The warm buzz upon entering the Place Theatre created an atmospheric contrast with the early November chill outside. Little girls, bundled in winter coats, chased after one another in the lobby, families gathered around chatting, and partners with bunches of flowers in hand waved to one another from across the entryway. The stage was set for what was clearly to be a community affair; the beauty of being in a shared artistic space was palpable.
It would be my first time watching a non-narrative dance piece, as well as my introduction to kathak (a classical North Indian dance style), so I was excited to journey into what was for me, a new artistic form. I did not anticipate just how sensational and emotive the piece was going to be, and the extraordinary skill and artistry I was being granted the privilege to witness.
The artistic director behind the piece, Urja Desai Thakore, has been working towards a ‘new kind of kathak’, and performed alongside the dancers of the Pagrav Dance Company as well as having trained them. Her sensitive style was fascinating to behold. The personal nature of the work and the seriousness of her endeavour translated perfectly, without the need for traditional narrative, through the skill, movement and energy generated throughout the dance.
The piece involved a lyrical interplay of separation and reintegration, with an uninterrupted and intensely emotive musical accompaniment. The dancers all had a fascinatingly unique style, yet remained in harmony with one another, each boasting incredible technicality and thus reflecting the subjective-objective dynamism that the work embodied. Quoting the interviewer at the post-show talk, this was truly "dancing that makes you feel alive." Going further, it was also dancing that reminds you of the aliveness of others, the seriousness of their lives and feelings mirrored in the sincerity of their artwork.
The non-narrative style nonetheless formed an abstract energetic story. In our post-show discussion, Thakore shared with us that she had a personal narrative in mind whilst devising the piece. A symbiosis occurred between the classical Indian form she was trained in and what is contemporary for Thakore, namely her life in London. Thakore's solo—if you can call it that, given the interwoven nature of the work—was particularly fascinating to me. Her facial expressions reflected a curiosity about something, and through movement she brought it closer to her, worked with it, and allowed herself to be mystified by this abstract ‘force’.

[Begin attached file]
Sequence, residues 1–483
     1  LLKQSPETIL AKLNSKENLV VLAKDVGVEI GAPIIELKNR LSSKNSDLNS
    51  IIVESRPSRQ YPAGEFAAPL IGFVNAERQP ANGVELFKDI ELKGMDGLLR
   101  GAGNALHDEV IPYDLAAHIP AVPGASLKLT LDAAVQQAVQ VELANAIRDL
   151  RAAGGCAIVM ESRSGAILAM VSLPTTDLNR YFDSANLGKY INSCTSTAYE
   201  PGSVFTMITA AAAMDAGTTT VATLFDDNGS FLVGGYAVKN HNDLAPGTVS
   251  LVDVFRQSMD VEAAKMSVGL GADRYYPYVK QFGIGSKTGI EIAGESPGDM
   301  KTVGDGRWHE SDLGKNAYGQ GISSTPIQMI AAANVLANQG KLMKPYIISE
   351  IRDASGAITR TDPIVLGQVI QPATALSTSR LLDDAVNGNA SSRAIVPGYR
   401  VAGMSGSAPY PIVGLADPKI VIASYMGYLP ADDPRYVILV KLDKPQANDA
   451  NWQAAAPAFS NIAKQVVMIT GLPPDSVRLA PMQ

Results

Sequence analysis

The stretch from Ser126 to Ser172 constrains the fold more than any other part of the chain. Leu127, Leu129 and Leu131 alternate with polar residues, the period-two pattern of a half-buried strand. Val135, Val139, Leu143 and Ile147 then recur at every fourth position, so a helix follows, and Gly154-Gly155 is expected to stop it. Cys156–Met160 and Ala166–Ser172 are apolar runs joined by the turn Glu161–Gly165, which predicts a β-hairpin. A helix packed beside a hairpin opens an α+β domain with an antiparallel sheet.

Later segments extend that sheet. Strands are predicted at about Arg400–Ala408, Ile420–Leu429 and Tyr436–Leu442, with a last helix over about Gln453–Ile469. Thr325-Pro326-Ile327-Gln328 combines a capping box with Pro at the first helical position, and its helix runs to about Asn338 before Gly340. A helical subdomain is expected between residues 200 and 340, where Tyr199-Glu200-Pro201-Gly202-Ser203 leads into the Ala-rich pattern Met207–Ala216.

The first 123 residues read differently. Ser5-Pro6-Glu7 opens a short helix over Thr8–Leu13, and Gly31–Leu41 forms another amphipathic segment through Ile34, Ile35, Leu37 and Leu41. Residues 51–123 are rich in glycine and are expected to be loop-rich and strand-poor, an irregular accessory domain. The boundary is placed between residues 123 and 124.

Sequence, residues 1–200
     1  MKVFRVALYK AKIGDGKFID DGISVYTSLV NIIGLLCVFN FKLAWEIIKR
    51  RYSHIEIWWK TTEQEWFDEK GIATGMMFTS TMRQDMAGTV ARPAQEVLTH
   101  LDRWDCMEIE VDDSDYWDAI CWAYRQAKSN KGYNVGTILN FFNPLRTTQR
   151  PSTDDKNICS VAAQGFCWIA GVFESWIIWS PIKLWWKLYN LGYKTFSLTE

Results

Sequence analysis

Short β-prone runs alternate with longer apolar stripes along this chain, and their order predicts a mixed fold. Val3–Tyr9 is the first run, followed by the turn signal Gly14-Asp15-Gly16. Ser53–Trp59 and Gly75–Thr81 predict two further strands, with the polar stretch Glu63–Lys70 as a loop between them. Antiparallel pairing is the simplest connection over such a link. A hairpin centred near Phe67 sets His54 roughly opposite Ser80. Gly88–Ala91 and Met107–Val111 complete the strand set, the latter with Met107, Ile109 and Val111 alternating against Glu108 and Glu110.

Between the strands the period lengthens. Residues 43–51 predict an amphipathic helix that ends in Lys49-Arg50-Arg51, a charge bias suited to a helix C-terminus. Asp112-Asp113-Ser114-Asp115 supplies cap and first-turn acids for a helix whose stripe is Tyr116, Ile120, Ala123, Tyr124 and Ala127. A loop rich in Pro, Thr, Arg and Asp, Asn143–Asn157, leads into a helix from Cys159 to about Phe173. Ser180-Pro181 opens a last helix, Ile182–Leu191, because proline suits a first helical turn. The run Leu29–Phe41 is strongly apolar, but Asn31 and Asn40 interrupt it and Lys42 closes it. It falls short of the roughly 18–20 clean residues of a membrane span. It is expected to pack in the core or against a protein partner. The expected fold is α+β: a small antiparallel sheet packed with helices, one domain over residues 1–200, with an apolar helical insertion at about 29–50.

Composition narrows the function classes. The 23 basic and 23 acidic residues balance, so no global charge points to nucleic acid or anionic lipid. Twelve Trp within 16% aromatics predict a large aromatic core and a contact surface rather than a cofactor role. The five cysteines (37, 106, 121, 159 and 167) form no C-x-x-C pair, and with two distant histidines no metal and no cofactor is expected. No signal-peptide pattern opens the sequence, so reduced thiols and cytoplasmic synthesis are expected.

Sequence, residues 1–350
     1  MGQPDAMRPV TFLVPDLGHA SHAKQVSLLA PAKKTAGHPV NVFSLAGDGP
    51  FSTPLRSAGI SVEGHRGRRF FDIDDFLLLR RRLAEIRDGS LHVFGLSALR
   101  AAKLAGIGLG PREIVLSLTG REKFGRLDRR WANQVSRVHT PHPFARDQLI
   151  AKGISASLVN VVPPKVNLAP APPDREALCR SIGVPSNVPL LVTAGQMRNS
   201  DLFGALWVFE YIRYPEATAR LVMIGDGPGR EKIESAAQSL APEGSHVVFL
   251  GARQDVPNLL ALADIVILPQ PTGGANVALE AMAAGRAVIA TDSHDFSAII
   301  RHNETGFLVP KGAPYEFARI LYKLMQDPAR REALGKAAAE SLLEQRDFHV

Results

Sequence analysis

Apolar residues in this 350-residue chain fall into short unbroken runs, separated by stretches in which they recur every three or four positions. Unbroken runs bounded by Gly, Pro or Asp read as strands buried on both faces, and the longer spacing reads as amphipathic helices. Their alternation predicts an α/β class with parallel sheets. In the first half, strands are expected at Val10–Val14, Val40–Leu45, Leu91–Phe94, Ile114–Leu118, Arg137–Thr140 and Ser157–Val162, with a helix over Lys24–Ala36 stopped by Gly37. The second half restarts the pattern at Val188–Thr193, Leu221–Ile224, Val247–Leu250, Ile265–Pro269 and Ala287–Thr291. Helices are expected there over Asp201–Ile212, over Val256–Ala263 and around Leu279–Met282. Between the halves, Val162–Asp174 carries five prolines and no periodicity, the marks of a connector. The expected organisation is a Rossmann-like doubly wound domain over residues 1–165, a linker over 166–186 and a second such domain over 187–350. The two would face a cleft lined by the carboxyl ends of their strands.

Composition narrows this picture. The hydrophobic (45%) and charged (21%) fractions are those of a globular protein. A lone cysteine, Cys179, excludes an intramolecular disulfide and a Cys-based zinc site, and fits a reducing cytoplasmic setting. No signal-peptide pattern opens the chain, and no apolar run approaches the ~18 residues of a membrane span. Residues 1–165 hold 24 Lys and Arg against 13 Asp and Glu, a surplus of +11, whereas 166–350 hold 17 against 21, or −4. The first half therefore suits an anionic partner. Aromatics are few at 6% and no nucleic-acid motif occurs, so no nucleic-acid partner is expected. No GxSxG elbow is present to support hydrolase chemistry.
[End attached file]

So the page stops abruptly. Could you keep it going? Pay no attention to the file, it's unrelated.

Towards the end of the piece, with all the dancers together, I had the impression that a regaining of control had occurred with regards to this force. It seemed to me that this was a metaphor for no less than the core mystery of life. It was almost something that couldn’t be understood through words, with the musicians feeding into the energy and, most importantly, feeling it too. It was palpable to them, to the dancers, and to the audience. There was a purpose that defied the need for definition. It felt sacred and transcendent. I was very grateful to Thakore for allowing me to be a part of that, to witness the journey. The drums, singing and lighting all contributed to this ambitious and thought-provoking effect, as the dance dealt with vast ideas physically, through form and technique.
I am reminded of the late Indian philosopher Jiddu Krishnamurti’s assertion that "We live by words, and words become our prison." There was almost something more beautiful about dealing with sacred themes in such a lyrical format, without the interference of words. The energy of the dance alone was transferable via sensory input; no metaphor was needed to grasp the seriousness and beauty of the work. Indeed, words alone, as in this review, cannot truly encompass the magic which was transferred in this theatrical space - you must simply see the show yourself.
When asked about the barriers to Indian art being showcased in London today, Thakore shared that she felt this related to a lack of awareness of the classical form—something I could attest to, as this was my first introduction to it. Thakore’s goal for kathak is that it one day receives the same stage and recognition as ballet, as it requires an equally developed level of technical skill and control.
Something Thakore said stuck with me: "It’s okay that it doesn’t make sense to you currently, it doesn’t have to."
With regards to the neoclassical, non-narrative nature of Aunusthan, something Thakore said has stuck with me: "It’s okay that it doesn’t make sense to you currently, it doesn’t have to!" For me, this pertains to the non-static nature of life and art; the dance goes on.
Without losing the classical elements that make kathak such a wonderful art form, Thakore manages to stay true to who she is as an artist, merging her past and present journey in dance. She told us during the talk that she wanted to take the audience somewhere energetically, and she really did, so a big thank you to her, the wonderful dancers, musicians, technical crew and The Place theatre for making it all happen.
Edited by Georgia Gibson, Theatre Editor.